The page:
The Greatest Threats to Democracy

The Greatest Threats to Democracy

Democracy in America is not perfect but offers the best framework for our government and continues to inspire people across the world. Today, we face a national crisis as the extremes of partisanship divides us and the interests of political parties is placed above the welfare of our citizens. We acknowledge using extreme partisanship as justification for surrendering democracy puts our nation and democracy in peril.

Perhaps most urgent is the sharp contrast between the two groups in their belief about climate change and immigration reform. On climate change, there is a strong and intense warning from the global community of scientists who give us only ten years to turn around the direction of conditions impacted by human habits now being felt by all, including floods, pollution, food shortages, loss of arable land and protective forests and tons of debris in our oceans.

On immigration, the practice of migration has existed from the beginning as a basic human right. From the first nomads to the modern traveler, the inherent call to adventure and exploration is witnessed daily. Immigration, however, is not a call to adventure and instead, is most often a difficult decision reached against a sea of resistance, for many who seek a better life for their families or tragically, a need to flee situations of oppression or even worse, persecution from power mongers. In the context of America’s history as a democracy, a ban on immigration can only be perceived around the world as un-American, an action that defies what is most precious to the free world, the freedom of choice that defines the highest ideal of democracy.

There have been threats to our U.S. democracy of late—threats like misinformation, voter apathy and too much money in politics.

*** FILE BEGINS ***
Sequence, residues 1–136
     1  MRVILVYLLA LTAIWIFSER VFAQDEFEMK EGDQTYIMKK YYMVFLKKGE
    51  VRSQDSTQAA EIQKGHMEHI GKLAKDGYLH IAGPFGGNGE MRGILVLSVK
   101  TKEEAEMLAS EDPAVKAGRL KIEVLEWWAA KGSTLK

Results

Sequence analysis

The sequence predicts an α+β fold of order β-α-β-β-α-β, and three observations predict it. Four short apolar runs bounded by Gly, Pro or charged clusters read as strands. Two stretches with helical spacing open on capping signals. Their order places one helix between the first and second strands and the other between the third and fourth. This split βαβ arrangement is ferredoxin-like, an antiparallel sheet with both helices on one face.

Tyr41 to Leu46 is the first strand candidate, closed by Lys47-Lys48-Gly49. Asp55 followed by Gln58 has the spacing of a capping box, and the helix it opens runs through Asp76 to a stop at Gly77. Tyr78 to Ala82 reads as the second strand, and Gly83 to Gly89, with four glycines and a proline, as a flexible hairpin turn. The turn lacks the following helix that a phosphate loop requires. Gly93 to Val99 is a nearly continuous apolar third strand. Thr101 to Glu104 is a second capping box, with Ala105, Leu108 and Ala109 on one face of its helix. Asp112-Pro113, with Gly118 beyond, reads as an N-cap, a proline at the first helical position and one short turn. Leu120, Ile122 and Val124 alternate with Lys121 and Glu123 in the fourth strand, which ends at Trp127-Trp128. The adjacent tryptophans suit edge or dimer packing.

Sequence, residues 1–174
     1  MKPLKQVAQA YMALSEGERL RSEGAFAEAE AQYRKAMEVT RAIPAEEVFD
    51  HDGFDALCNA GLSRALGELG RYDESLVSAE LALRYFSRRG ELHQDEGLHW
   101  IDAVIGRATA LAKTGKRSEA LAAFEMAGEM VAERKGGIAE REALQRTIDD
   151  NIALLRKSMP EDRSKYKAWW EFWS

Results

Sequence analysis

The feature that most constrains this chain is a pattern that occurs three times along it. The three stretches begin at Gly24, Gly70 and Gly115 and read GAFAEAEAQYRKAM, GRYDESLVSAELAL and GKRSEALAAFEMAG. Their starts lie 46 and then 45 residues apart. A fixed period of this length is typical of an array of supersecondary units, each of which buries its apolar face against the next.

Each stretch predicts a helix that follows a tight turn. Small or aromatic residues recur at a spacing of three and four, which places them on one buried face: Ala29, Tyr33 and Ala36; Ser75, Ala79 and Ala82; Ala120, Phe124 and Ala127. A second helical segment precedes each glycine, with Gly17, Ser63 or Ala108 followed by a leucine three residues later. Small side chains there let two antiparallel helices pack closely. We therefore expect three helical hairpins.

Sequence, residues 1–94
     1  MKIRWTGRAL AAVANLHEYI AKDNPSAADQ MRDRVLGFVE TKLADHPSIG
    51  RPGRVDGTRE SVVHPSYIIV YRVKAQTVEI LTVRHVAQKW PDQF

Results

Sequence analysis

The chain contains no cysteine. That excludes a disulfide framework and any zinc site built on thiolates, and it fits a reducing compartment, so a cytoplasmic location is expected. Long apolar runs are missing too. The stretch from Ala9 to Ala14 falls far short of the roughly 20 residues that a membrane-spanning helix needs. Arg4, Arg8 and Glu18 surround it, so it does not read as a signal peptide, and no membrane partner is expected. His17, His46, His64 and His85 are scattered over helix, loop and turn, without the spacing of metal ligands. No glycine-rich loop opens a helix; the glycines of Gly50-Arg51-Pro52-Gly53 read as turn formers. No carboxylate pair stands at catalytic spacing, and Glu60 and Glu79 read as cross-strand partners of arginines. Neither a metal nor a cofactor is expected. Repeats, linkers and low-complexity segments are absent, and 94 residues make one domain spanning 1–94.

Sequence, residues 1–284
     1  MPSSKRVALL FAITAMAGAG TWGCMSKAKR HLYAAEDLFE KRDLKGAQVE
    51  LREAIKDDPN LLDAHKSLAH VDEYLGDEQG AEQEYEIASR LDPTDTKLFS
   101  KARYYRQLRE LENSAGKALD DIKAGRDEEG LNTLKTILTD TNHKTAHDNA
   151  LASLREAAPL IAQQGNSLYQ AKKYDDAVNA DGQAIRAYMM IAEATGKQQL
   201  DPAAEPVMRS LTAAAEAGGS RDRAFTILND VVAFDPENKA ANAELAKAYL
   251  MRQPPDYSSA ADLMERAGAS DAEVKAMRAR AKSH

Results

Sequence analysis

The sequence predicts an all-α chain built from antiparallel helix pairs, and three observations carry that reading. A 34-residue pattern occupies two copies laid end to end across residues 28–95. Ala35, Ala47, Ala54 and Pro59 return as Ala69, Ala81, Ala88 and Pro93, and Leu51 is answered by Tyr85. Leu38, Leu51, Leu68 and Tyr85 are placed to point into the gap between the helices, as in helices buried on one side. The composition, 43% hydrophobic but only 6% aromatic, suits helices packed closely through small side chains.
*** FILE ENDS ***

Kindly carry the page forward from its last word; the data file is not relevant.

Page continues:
Closer to home, the effects of division at the local level brings gridlock in State and County government resulting in the failure to address the critical issues working families must face daily. Among these are an increase in domestic violence, drug and alcohol abuse, homelessness, and the need for decent housing, to name the few at the top of the list. The more positive past practices of compromise and moderation are now replaced by politics of my way or the highway.

In our quest for solutions, we examine the most significant threats to our democracy. ONE is misleading information (often known as fake news) especially in this age of easy access to information at any time of the day or night. Somehow, social media has become the main source of information and news, even as we often witness how easily it is misused. TWO is voter apathy because many of our citizens do not understand that our freedom is linked to responsibility and the failure to vote encourages our leaders to enact their own agendas. To reverse voter apathy, people must register to vote and educate themselves to become informed voters. Most of all, if every voter gets to know the candidates better, they will not need to rely on social media where information is often shared by individuals and groups in a partisan way. THREE is the negative effect of too much money in politics and the clear evidence of how government’s purpose of being for the people has been subverted by money.

As we face today’s many challenges—locally, nationally and globally—a united effort is required to address them, whether it be coronavirus, the census count that is underway, income inequality, or the housing crisis. Partisanship or extreme views and policies can only lead us to a not too perfect union.